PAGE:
Medline ® Abstracts for References 37,38
of 'Anaphylaxis: Emergency treatment'
Epinephrine in anaphylaxis: higher risk of cardiovascular complications and overdose after administration of intravenous bolus epinephrine compared with intramuscular epinephrine.
Campbell RL, Bellolio MF, Knutson BD, Bellamkonda VR, Fedko MG, Nestler DM, Hess EP
J Allergy Clin Immunol Pract. 2015 Jan;3(1):76-80. Epub 2014 Aug 29.
BACKGROUND: Epinephrine is the drug of choice for the management of anaphylaxis, and fatal anaphylaxis is associated with delayed epinephrine administration. Data on adverse cardiovascular (CV) complications and epinephrine overdose are limited.
OBJECTIVE: To compare rates of CV adverse events and epinephrine overdoses associated with anaphylaxis management between various routes of epinephrine administration among patients with anaphylaxis in the emergency department.
METHODS: This was an observational cohort study from April 2008 to July 2012. Patients in the emergency department who met diagnostic criteria for anaphylaxis were included. We collected demographics; route of epinephrine administration; trigger; overdose; and adverse CV events, including arrhythmia, cardiac ischemia, stroke, angina, and hypertension.
RESULTS: The study cohort included 573 patients, of whom, 301 (57.6%) received at least 1 dose of epinephrine. A total of 362 doses of epinephrine were administered to 301 patients: 67.7% intramuscular (IM) autoinjector, 19.6% IM injection, 8.3% subcutaneous injection, 3.3% intravenous (IV) bolus, and 1.1% IV continuous infusion. There were 8 CV adverse events and 4 overdoses with 8 different patients. All the overdoses occurred when epinephrine was administered IV bolus. Adverse CV events were associated with 3 of 30 doses of IV bolus epinephrine compared with 4 of 316 doses of IM epinephrine (10% vs 1.3%; odds ratio 8.7 [95% CI, 1.8-40.7], P = .006). Similarly, overdose occurred with 4 of 30 doses of IV bolus epinephrine compared with 0 of 316 doses of IM epinephrine (13.3% vs 0%; odds ratio 61.3 [95% CI, 7.5 to infinity], P<.001).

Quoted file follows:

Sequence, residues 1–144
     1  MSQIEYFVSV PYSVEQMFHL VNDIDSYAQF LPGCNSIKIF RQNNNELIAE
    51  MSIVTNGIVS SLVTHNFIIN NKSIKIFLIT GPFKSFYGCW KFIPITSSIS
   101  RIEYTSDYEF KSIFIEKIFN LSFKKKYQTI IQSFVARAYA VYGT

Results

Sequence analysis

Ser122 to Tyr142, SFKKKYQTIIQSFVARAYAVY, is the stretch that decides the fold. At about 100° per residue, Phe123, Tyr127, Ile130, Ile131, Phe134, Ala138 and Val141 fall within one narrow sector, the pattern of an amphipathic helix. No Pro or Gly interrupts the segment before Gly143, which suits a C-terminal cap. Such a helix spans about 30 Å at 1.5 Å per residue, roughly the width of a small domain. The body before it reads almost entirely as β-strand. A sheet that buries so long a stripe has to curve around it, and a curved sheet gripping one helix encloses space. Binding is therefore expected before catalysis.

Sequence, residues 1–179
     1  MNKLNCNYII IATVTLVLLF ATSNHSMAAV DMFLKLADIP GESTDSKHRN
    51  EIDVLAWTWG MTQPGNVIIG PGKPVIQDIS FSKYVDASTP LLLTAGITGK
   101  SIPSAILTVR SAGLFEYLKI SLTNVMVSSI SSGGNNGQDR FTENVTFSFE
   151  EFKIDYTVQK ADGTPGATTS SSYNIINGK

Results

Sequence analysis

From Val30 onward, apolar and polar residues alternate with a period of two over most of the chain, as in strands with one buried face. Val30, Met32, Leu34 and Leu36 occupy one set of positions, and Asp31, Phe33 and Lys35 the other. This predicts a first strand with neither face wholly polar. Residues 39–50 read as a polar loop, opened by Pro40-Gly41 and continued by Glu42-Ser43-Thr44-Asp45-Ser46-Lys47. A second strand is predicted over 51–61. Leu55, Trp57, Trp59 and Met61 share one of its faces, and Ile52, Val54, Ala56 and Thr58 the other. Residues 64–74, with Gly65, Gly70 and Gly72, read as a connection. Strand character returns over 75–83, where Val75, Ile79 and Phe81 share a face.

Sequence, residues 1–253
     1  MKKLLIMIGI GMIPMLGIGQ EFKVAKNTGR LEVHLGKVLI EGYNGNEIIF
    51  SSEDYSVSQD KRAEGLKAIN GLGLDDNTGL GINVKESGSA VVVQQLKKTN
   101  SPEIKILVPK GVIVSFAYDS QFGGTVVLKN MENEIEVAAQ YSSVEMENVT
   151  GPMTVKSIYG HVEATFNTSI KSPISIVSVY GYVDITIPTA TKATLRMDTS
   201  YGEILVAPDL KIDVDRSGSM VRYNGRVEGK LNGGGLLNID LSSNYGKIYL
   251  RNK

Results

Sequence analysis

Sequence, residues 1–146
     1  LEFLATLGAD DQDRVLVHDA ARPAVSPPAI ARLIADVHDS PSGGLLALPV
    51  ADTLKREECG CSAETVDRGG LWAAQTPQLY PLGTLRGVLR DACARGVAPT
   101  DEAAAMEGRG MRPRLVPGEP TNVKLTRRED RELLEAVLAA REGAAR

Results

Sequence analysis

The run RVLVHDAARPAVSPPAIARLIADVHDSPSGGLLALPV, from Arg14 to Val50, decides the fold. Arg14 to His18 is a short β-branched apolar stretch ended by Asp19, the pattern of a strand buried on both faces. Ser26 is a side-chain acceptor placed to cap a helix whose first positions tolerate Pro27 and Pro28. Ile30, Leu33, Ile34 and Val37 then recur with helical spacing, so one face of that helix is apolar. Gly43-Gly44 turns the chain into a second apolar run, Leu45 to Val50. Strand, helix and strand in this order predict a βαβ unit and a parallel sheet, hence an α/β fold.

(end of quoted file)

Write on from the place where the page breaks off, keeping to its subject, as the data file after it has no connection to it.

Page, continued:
CONCLUSION: The risk of overdose and adverse CV events is significantly higher with IV bolus epinephrine administration. Analysis of the data supports the safety of IM epinephrine and a need for extreme caution and further education about IV bolus epinephrine in anaphylaxis.
Department of Emergency Medicine, Mayo Clinic, Rochester, Minn. Electronic address: firstname.lastname@example.org.
Epinephrine use in older patients with anaphylaxis: Clinical outcomes and cardiovascular complications.
Kawano T, Scheuermeyer FX, Stenstrom R, Rowe BH, Grafstein E, Grunau B
BACKGROUND: There is little data describing the differences in epinephrine (epi) administration and cardiac complications among older and younger patients with anaphylaxis.
METHODS: This retrospective cohort study was conducted at two urban emergency departments (ED) over a 5 year-period, and included adults who met a pre-specified criteria for anaphylaxis. Patients≥50years of age were defined as "older". Univariate logistic regression was performed to compare the difference in frequency of epi administration between the "older" and "younger" groups. Among those who received epi, the proportion of patients who received doses exceeding the recommended maximum and who had pre-specified cardiovascular complications were compared between the two groups, stratified further by route of administration.
RESULTS: Of 2995 allergy-related visits, 492 met criteria for anaphylaxis, including 122 (24.8%) older patients. Older patients were less likely to receive epi injection (36.1% vs. 60.5%). Ofthose who received epi, older patients were more likely to receive excessive dose of epi (7/44, 15.9% vs 2/225, 0.9%, unadjusted OR 20.7, 95% CI 3.8-211.7). Four (4/44, 9.1%) older patients experienced cardiovascular complications, compared to 1/225 (0.4%) in the younger group (unadjusted OR 22.4, 95% CI 2.1-1129.8). When examining only intra-muscular epinephrine, 1/31 older patients had cardiac complications, compared to 1/186 in the younger group.
CONCLUSION: Older patients with anaphylaxis were less likely to receive epi injection. Intramuscular epi appears safe in this population; however, the use of intravenous epi should be avoided in older patients due to the potential of developing serious cardiac complications.
Department of Emergency Medicine, St. Paul's Hospital, Vancouver, BC, Canada; Department of Emergency Medicine, University of Fukui Hospital, Fukui Prefecture, Japan. Electronic address: Takahisa.Kawano@ubc.ca.